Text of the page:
Springhouse Magazine Online - An Adventure Shaped Like a Magazine


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With the passing of John W. Voiget, Springhouse lost a contributor and a friend of many years. Botanist, teacher, writer, artist and philosopher, John was a rarity -- a Renaissance Man and a gentleman.


Praised by many, condemned by few, one-room country schools belong to yesterday, along with moonshine stills and quilting bees. The bells that tolled the end of Tag are silent now; the playgrounds sprout weeds where before kids laughed, traded pocketknives, dreamed. Perhaps saddest of all, those who attended such schools in southern Illinois are at least middle-aged today.

I remember the delight we Rudement youngsters took in constructing, from horseweeds grown north of the school yard, fairly complicated houses sure to withstand ordinary breezes, not so sturdy before the smack of big winds. But I also remember the scarcity of books on the metal shelf that served as library, and how I read Jim Bridger more times than the text merited because nothing else on that shelf was worth reading at all.

Charming yet flawed is the best I can say for my years spent learning the four Rs (the fourth R is for rusticity, I suppose). I give those years a C. Others, bearing fonder memories, may mark their rural schooling with an A or a B -- they are the lucky ones. No matter what grades we give, however, most will agree that interest in rural education has not faded with the echoes of school bells; and, if proof be needed to support such a claim, Springhouse offers in this issue articles by Mildred B. McCormick and Kestner Wallace, along with several photographs. Although country schools may belong to yesterday, they are anything but forgotten today.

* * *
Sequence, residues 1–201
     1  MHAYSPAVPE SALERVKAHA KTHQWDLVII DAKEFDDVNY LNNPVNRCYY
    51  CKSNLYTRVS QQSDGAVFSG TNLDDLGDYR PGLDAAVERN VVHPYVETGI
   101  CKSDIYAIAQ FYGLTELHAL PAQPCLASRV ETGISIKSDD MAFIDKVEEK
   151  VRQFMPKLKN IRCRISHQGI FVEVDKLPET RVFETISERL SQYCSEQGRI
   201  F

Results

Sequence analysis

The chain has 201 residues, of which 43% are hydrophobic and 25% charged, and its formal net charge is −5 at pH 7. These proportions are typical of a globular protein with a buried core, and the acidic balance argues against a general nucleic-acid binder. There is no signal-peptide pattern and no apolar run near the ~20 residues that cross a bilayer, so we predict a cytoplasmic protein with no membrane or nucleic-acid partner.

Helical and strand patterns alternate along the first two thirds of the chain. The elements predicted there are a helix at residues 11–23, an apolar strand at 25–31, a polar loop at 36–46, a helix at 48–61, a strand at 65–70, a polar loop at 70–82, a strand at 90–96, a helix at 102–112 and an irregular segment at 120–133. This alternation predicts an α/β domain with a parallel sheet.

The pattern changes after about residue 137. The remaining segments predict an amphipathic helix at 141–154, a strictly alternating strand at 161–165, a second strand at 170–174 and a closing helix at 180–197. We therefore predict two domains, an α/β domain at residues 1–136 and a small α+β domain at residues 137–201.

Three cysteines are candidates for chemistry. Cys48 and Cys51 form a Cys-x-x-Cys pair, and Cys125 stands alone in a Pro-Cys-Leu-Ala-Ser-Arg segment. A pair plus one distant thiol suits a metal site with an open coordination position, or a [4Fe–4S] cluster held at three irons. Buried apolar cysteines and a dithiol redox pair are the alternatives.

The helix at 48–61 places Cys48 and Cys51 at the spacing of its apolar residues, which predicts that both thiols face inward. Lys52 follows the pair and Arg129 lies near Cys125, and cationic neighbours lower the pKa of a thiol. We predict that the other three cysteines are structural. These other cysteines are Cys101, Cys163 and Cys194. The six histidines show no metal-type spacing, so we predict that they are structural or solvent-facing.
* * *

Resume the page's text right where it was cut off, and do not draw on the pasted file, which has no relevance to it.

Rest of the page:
Speaking of Kestner Wallace, hardly was the June issue labeled and in the mail before he called to say that the unidentified young lady in the second row of the old school photograph on Page 20 is his mother, Verba Millikan, later Verba Wallace. To her right stands her brother, Ottis Millikan (not Otis Miller as the name appears in Springhouse). Both Verba and Ottis would teach grade school in Saline, Hardin and Pope Counties.

Kestner also said his mother finished her long career in the classroom by teaching at Colbert over on Eagle Creek when that last rural school in Saline County closed in the early 1960s. She died in 1079.

A week of so after the telephone conversation Kestner loaned Springhouse these two photographs.

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Ottis millikan taught at Cross Roads School south of Herod. Photograph taken between 1916 and 1920. Ottis Millikan died in 1941.

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Reuben Millikan, brother of Verba and Ottis, taugh at Eichorn School in the 1930s. Retired from teaching and contracting, he now live in Florida.

The Adventure Continues.







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